Basically what I am saying is that in our service of our people we must have a respect for one another while being loyal to our own principles.  

Those we are called upon to serve:  

I have mentioned dignity. When thinking of those who we are called upon to serve that very beautiful document from the Second Vatican Council ˜Gaudium et Spes sums up I think admirably our call to particular service. That document states:  

The joy and hope, the grief and anguish of the people of our time, especially of those who are poor or afflicted in any way, are the joy and hope, the grief and anguish of the followers of Christ as well. Nothing that is genuinely human fails to find an echo in their hearts ¦ ¦ ¦that is why Christians cherish a feeling of deep solidarity with the human race and its history .  

I believe that those words form a good basis for the vocation of service of us all “ we are to be concerned with all people especially the poor or afflicted in any way.  

I share with you particular ways in which I think our concerns for all people must be shown at this present time:  

1. World Peace and International Terrorism:  

Most peoples of goodwill are concerned at this present time about the fragile nature of peace in our world at this present time and of dangers coming from international terrorism.  

In his message for the World Day of Peace at the beginning of this year, Pope John Paul II  

highlighted in a very particular way the importance of international co-operation stating that it provides a system for regulating disputes between nations and also provides the basic framework of human and civil rights and duties of all citizens of the world .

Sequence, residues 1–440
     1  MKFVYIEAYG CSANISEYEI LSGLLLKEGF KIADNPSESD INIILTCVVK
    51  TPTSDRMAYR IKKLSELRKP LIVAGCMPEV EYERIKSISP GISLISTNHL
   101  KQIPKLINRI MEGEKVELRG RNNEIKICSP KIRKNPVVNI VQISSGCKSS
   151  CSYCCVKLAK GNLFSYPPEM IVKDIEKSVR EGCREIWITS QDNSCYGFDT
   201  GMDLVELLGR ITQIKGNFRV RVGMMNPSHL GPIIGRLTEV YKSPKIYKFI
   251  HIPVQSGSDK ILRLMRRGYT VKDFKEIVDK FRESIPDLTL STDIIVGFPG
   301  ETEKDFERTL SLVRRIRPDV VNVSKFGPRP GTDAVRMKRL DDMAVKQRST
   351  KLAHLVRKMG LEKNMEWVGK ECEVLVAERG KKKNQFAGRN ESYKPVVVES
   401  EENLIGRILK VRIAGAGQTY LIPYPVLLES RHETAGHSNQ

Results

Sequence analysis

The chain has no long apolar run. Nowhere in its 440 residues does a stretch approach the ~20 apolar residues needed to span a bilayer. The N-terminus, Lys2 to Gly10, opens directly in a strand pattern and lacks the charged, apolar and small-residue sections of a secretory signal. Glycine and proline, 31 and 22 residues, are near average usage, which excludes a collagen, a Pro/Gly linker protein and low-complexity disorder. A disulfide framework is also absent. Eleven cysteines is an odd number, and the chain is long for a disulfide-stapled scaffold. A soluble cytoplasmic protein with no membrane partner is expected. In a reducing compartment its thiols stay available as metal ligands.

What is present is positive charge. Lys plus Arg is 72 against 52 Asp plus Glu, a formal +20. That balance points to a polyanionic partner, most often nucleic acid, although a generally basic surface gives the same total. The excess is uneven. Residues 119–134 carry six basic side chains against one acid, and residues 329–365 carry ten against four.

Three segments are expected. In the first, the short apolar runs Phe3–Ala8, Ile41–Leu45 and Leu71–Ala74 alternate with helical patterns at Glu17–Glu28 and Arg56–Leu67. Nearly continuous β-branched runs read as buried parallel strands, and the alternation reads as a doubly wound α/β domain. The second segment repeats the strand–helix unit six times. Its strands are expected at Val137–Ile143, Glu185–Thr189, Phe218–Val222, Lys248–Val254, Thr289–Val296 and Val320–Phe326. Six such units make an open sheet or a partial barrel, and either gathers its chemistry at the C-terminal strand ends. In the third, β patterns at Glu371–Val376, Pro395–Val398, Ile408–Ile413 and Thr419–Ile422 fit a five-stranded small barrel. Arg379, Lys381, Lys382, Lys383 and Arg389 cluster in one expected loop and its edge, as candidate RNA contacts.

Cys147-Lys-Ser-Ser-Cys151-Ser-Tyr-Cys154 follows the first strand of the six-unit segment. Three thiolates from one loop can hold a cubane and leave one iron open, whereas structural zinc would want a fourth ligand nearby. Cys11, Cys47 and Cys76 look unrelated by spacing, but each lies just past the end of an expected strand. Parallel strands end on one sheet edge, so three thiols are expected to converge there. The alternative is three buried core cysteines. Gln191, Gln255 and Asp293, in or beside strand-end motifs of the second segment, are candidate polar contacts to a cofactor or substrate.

Calling on his own experience the Pope states: I feel it necessary to repeat that, for the establishment of true peace in the world, justice must find its fulfilment in  

charity ¦ ¦ Justice and love sometime appear to be opposing forces. In fact they are but two faces of a single reality, two dimensions of human life needing to be mutually integrated .  

2. Standards with regard to Marriage and Family Life:  
Obviously, of immediate concern is the defence of life itself. No list of concerns for our people and society would be complete without a plea on behalf of those unable to protect or defend themselves: the unborn. I lament deeply our present culture and laws which show so little respect for the child in the womb and allow for the experimentation upon and destruction of human embryos “ life at its earliest and most defenceless. As the Catholic Church in Scotland prepares to celebrate a Day for Life on 31 May, I ask you in the words of Pope John Paul II to consider: A general mobilisation of consciences and a united ethical effort to activate a great campaign in support of life .